Copyright Issues in the Entertainment Industry
Conference Hall, IUCIPRS, CUSAT, Kochi
8th to 10th February, 2017
About the Theme of 2017
The advent of digital technology and the consequent explosion in the information and communication technology has brought out sweeping changes in the access and distribution of copyrighted content. For Copyright owners, it exposed new avenues of exploitation of copyrighted works and at the same time it brought in serious challenges in enforcing Copyright.
Interests of different stake-holders belonging to the diverse sectors of Entertainment Industry such as film, broadcast and music industries are being drastically affected by the emergence of new technologies.
Today’s Copyright domain is featured with the copyright owners resorting to extension of the scope of Copyright to the technological measures protecting the content from unauthorized access.
Owners of copyright and related right holders, especially in the entertainment industry, demand for greater protection of their rights in the digital context. The challenges faced by different sectors of entertainment industry, authors, performers and other related right holders, along with the issue of
access to copyrighted materials in the more beneficial environment created by the digital technology are the serious issues faced by the Copyright law in the digital era. In this changed environment, India had amended its Copyright law in 2012 to provide solutions to the troubled copyright platform.
The theme of 2017 addresses the Copyright issues in the Entertainment Industry in the wake of new technologies, and the solutions offered by the Indian Copyright law to such challenges, meticulously attempting not to compromise access right to users.
The programme includes lectures, invited talks, case studies, corner discussions, students’ presentations, exercises, scenario analysis, role play, field exposure, etc.
1. Challenges faced by the Film and Music Industries in the Digital era
2. Entertainment Industry and the triangular relation among Author, Owner and User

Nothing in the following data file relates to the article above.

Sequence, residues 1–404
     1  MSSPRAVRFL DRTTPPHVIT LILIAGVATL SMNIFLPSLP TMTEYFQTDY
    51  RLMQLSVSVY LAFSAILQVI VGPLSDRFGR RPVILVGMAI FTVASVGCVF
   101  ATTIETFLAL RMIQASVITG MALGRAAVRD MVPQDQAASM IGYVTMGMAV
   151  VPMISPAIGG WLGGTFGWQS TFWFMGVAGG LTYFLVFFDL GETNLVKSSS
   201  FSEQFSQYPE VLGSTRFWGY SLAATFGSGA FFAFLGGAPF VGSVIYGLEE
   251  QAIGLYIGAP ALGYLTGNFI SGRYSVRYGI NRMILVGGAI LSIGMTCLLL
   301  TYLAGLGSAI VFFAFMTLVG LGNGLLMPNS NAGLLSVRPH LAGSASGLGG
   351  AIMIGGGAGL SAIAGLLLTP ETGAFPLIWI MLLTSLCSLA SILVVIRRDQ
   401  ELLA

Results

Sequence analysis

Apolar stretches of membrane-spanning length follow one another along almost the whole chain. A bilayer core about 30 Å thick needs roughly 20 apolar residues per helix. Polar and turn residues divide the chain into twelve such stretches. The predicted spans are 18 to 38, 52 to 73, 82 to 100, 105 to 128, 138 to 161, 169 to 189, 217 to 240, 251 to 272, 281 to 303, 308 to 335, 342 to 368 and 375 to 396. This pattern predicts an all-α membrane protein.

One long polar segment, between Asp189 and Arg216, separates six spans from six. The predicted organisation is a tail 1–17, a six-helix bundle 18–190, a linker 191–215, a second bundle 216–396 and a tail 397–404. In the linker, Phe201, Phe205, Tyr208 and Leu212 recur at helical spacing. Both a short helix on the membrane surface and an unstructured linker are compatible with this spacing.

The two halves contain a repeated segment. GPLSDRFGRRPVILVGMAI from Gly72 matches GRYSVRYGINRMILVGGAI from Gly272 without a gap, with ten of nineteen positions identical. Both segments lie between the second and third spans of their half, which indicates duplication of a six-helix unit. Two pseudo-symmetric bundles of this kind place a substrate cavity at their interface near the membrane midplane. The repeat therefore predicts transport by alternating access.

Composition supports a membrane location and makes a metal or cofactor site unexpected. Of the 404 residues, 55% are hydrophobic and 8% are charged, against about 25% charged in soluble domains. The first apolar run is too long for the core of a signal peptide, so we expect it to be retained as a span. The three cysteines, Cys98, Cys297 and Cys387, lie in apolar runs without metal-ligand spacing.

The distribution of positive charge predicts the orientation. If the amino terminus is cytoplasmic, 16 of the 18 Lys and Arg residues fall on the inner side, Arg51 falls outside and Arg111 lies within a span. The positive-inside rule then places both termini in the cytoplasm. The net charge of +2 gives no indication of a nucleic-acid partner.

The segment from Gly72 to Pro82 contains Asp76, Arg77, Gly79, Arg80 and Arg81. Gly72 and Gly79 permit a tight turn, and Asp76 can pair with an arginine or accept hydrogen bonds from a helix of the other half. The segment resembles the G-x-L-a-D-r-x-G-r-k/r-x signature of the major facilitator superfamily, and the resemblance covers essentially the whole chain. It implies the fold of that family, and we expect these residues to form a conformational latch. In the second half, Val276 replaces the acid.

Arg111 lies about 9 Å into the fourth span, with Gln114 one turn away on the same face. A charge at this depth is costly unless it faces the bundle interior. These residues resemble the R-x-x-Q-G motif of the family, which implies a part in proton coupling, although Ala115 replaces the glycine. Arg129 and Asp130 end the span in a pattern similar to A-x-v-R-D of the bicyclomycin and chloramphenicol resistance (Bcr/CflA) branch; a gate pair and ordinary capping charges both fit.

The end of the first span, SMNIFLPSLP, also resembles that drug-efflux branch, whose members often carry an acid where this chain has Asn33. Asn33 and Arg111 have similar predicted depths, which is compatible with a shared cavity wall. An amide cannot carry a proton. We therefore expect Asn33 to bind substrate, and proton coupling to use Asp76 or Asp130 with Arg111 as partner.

3. Role of Collecting Societies in ensuring a balanced copyright system
4. Enforcement issues in the Entertainment Industry
5. Digitization and challenges to legitimate access to Copyrighted contents to the public
6. Internet file sharing and challenges to Entertainment Industry
Given below are the tentative topics, which fall under the sub-themes:
Other topics can also be chosen, provided it should cover the sub-themes. List is not exhaustive.
a) Celebrities and their rights
b) Need for the Directors’ rights
c) Issues related to piracy in India
d) Issues related to royalties in the Entertainment industry
e) Digitization and Copyright issues in Entertainment industries
f) Users rights and Entertainment industry
g) Digital Rights Management and Entertainment industry
h) Collecting Societies and Entertainment industry
i) State initiatives on protection of copyright, beyond Copyright Act
j) Remedies available- John Doe Order
k) Cover Version: Before and after 2012 Amendment
l) Licences in the entertainment industry: Issues and challenges
m) Broadcasters Rights and the issues related to it
Objectives of the Annual Workshop
Rethinking IPR is an annual National Level Workshop for law students organized by the IUCIPRS in association with the MHRD Chair on IPR, CUSAT to initiate critical thinking regarding the role of Intellectual Property Rights in a social context. The pedagogical practice existing among the Law Schools in India predominantly approaches IP from a commercial angle, often ignoring the social implication of IP.
The main objective of Intellectual Property law is to maintain a correct balance between protection of IP and providing access to the public to the modern technology and its benefits. The western approach of looking at IP as a catalyst of development is being followed by our law schools without being interrogated.
Our experience with the western approach signifies that it stifles innovation and research and creates barriers in the enjoyment of benefits by the public. The question therefore is, should India imitate the western practices, both statutory and judicial, or whether we should evolve our own jurisprudence of IP reflecting wider questions of national development and the welfare of people.
Registration and Selection process
Law students (undergraduate and post graduate only) willing to prepare a paper on any of the sub themes could apply. The sessions of the workshop are designed in a manner reflecting the concerns of the Entertainment Industry as well as the public. Students are urged to prepare papers accordingly so that each session will comprise of two student presentations representing the conflicting interests.
Step 1: Each student is allowed to register by sending an abstract (maximum 300 words) on one or two sub-themes on or before 25th July, 2016.
Based on the title and abstracts submitted by the students as approved by IUCIPRS, the subthemes will be allocated to the students.
We encourage original single author papers, though joint submissions with a maximum of two authors are also permissible. Selection will be based on the quality of the paper submitted.
Step 2: Intimation for the selection of abstracts will be given on or before 5th August 2016.
Step 3: The students are further required to sent the full paper by 15th October, 2016. Students may be asked to revise their paper after screening.
Students are required to register by paying rupees 500. Total number of participants is limited to 35. All participants are expected to take an active role in the workshop.
Quality papers will be published in the renowned IP Journals.